Pipefitter (Episode 56)

Pipefitter (Episode 56)


There’s a complex structure of pipes responsible for air flow, water supply and hydraulics, in anything from buildings to ships. The next career assembles
and maintains these systems… on this submarine! Let’s meet the pipefitter. Hi! Howdy. I’m Viviana. I’m Darshan. Nice to meet you. Nice to meet you, too. So, this is where you work. This is it. In a submarine. That’s right. Want to show me around? Yeah, let’s take it for a ride. All right. My name is Darshan Dhillon. I work at Victoria Shipyards, Esquimalt on Victoria-class submarines and I’m a pipefitter. A pipefitter basically moves
anything from point A to point B, whether it be steam, oxygen, water, hydraulic fluid for weapons systems, anything that can be moved in a pipe. My job here is to bend pipe and fit all the
weapons hydraulic systems for the submarines. I fabricate different styles of pipe. I flush the pipes. I take the paint off of them. I get the flanges prepared. I do bolt-up. Marine fitting is a lot different than industrial fitting. Industrial fitting is more of run
the pipe straight through the oil field. We have to really go around a lot of objects, especially on a submarine
being a stealth boat. We have to make sure that everything
has a certain gap in between. The first thing I do is make sure
that everything is on and ready to go. All the bottles are tested. Bottles would be anything from oxygen
to acetylene for cutting or heat treating, and then we fire up the bottles and start our day. Whether it be bending, fabricating new pipe, heat treating to release stress. And then on to the boat
and then we start measuring up. All right, Viviana, are you ready
to do some heat treating? I’m ready. All right. Let’s do it. What we’re going to be doing
is heat treating the pipe to try to release all the stress in the bends. Okay. So, what we want to do is try to heat the front, the top, underneath, as well,
and then the inside of the pipe. So, basically what we’re trying to do is try to get all the stress out of the pipe here,
without melting the pipe. So, we want to try to get it cherry red. Think you could give that a try? I think so. Some of the skills that are very mandatory, that I find you really need to have, is the ability to know exactly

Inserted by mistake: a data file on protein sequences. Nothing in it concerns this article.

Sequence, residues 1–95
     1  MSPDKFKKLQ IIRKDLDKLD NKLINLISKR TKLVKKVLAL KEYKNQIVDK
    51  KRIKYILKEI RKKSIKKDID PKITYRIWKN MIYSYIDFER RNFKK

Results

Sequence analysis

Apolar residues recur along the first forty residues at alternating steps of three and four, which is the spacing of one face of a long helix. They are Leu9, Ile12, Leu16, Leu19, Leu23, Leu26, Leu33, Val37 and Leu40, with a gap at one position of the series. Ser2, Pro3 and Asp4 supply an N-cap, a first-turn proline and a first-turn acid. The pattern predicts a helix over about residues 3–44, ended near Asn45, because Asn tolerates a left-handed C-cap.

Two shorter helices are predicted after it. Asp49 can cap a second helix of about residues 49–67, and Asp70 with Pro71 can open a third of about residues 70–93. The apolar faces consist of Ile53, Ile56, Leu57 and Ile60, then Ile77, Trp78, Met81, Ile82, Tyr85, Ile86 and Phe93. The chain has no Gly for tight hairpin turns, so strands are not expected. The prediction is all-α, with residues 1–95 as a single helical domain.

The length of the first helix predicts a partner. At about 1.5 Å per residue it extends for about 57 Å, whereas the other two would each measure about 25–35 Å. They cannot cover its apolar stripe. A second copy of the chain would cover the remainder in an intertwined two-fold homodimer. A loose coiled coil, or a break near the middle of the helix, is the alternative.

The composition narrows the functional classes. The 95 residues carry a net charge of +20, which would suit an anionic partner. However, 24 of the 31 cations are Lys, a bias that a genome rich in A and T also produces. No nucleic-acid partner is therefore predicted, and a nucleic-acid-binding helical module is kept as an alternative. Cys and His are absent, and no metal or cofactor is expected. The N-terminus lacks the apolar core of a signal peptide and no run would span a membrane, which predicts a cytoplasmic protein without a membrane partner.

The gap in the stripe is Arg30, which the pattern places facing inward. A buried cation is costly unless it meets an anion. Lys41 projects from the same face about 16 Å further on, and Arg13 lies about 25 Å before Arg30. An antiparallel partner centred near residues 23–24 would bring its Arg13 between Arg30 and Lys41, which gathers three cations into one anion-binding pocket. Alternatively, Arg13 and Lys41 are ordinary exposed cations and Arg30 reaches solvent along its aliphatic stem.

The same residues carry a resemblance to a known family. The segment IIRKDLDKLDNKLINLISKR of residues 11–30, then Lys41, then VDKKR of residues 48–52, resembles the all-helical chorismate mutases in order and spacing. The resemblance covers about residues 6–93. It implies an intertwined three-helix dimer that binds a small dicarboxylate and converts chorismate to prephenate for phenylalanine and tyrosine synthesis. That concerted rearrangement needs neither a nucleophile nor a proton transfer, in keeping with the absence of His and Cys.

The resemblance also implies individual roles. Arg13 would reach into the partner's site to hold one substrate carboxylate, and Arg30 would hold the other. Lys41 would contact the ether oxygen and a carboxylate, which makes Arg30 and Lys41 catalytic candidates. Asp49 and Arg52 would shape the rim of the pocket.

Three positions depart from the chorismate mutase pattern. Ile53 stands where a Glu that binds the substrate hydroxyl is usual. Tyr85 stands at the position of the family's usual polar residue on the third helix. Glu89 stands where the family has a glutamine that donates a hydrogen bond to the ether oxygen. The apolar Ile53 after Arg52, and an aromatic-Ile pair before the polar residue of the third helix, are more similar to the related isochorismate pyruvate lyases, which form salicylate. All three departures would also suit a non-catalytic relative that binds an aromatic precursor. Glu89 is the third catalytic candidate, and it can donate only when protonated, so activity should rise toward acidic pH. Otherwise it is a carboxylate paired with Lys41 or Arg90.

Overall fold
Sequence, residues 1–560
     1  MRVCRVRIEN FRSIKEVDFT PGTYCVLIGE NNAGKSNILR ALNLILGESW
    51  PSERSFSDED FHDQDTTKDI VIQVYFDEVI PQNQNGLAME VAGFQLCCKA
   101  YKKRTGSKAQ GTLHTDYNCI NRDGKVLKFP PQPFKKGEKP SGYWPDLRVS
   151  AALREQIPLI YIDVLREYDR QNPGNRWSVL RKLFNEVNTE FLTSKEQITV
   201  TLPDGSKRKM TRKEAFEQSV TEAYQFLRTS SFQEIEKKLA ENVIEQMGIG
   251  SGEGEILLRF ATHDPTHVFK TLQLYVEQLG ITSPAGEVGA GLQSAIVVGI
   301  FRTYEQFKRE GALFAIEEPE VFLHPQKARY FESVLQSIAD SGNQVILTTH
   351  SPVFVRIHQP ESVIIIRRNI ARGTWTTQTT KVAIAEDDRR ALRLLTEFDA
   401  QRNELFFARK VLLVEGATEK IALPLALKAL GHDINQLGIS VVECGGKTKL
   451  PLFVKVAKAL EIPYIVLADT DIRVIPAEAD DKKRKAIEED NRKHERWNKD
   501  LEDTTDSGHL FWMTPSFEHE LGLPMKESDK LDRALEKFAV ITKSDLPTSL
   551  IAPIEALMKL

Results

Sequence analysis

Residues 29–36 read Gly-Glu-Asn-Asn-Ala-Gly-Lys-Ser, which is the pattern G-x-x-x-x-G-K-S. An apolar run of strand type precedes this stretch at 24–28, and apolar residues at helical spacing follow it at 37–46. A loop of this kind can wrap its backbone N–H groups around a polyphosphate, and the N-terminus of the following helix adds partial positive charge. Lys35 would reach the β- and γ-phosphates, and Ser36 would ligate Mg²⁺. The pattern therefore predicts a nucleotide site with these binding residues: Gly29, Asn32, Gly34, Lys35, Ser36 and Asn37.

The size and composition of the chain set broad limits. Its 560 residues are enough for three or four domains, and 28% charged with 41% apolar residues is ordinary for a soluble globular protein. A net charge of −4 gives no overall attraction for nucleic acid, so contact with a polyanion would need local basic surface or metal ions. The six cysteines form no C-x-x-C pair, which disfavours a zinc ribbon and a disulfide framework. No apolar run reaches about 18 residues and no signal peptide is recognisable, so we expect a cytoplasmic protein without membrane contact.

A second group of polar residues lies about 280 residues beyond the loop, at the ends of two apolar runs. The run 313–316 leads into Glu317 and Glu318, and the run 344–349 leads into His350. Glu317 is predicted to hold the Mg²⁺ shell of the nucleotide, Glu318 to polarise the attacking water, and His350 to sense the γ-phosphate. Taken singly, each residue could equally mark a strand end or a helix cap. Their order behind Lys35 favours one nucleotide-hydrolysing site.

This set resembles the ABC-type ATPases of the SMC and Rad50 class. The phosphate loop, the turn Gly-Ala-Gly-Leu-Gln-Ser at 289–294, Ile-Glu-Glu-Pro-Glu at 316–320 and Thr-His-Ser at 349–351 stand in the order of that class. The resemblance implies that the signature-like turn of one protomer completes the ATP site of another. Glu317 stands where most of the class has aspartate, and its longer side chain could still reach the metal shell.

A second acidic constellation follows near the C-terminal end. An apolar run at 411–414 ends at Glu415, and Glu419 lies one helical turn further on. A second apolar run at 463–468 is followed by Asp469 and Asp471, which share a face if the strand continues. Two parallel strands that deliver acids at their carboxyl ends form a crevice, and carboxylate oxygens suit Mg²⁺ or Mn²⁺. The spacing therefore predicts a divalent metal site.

what your hands are doing without even seeing your hands, which, to a lot of people,
can be a little challenging at times. But it’s all about touch and feel. Another thing is problem solving and math. Math is very high in this trade,
especially with marine fitting. So, obviously you’d need to take trades math. And shop classes definitely help. You have to be familiar with a lot of power tools. You’d have to do ELT, which is entry level training. It’s a nine-month course to familiarize
yourself with all the pipe trades. And then after that, you work for X amount of hours until you can go back and do second year. Then you work for X amount of hours. And each time you go back to school, it’s six weeks. And then when you go back for your fourth year, it’s eight weeks to write your IPT,
which is an inter-provincial ticket, which allows you to steam fit in all provinces. A common misconception for a pipefitter is that we’re the equivalent of a plumber, where that is not the fact at all. A plumber deals more with plastic
and PVC piping to make their 45s and 90s. So, they kind of stick to certain angles. where a pipe fitter will manipulate
at different degrees, how the piping goes. We can do 27 degree bends. We can bevel pipes and weld them together. We can change any kind of angle we want. Plumbers are still a piping trade, so you can still do an apprenticeship as a plumber. And as a pipefitter, they just have
to get X amount of hours and then challenge the IPT
and then they become a pipefitter, as well. On a submarine, we probably do more paperwork
than the average pipefitter. I’m very organized. I keep a journal of exactly
what I do each day, so down the road someone will say, “Hey do you remember when
you did this six months ago?” I can say, “No, I didn’t do that”
or “Yes, I did and this is what happened.” You have to be able to express exactly what you mean, whether it be measurements,
type of material, thicknesses… You can’t have your own style of saying
unfamiliar from other trades. Did you ever think you’d be
this close to a submarine? Ten years ago? Not a chance. But now I love everything about it. And nine to five hours? About 6:30 to three, and all
the overtime you can handle. Oh, nice. There’s so many aspects of the trades
that a lot of people don’t realize. There’s sheet metal. There’s pipefitting. There’s welding. There’s steel fitting. There’s so many different things that you can be doing that just, every day, challenges you. And you’re never doing the same thing every day. It’s always something new. It can be very challenging at times. And I love pipefitting. I love putting things together. I love seeing how a submarine works. The systems involved,
may take an hour to figure it out, but once you figure it out and get it bent up. It looks pretty darn sharp. I just love what I do. See, thanks so much for showing
me around the submarine. No problem.
Thanks for coming over. Thank you. See you later. Once again, this is Career Trek and I’m Viviana , reminding you that this career could be yours. We’ll see you next time.

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